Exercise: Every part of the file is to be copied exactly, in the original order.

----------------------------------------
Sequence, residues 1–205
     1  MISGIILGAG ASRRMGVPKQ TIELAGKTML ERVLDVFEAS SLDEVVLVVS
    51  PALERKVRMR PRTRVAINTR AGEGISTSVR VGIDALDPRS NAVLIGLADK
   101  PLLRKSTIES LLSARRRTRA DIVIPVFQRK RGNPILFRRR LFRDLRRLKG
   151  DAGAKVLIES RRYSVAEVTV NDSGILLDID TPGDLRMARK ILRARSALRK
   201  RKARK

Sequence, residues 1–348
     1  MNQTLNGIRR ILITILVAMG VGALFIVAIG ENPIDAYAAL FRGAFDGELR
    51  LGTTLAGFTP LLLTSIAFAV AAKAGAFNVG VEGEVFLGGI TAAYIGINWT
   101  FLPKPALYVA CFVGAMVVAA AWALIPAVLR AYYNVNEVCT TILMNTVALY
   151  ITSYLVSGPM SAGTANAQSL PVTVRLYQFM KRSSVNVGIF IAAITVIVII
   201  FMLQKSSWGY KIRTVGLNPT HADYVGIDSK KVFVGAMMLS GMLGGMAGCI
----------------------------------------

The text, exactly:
Sequence, residues 1–205
     1  MISGIILGAG ASRRMGVPKQ TIELAGKTML ERVLDVFEAS SLDEVVLVVS
    51  PALERKVRMR PRTRVAINTR AGEGISTSVR VGIDALDPRS NAVLIGLADK
   101  PLLRKSTIES LLSARRRTRA DIVIPVFQRK RGNPILFRRR LFRDLRRLKG
   151  DAGAKVLIES RRYSVAEVTV NDSGILLDID TPGDLRMARK ILRARSALRK
   201  RKARK

Sequence, residues 1–348
     1  MNQTLNGIRR ILITILVAMG VGALFIVAIG ENPIDAYAAL FRGAFDGELR
    51  LGTTLAGFTP LLLTSIAFAV AAKAGAFNVG VEGEVFLGGI TAAYIGINWT
   101  FLPKPALYVA CFVGAMVVAA AWALIPAVLR AYYNVNEVCT TILMNTVALY
   151  ITSYLVSGPM SAGTANAQSL PVTVRLYQFM KRSSVNVGIF IAAITVIVII
   201  FMLQKSSWGY KIRTVGLNPT HADYVGIDSK KVFVGAMMLS GMLGGMAGCI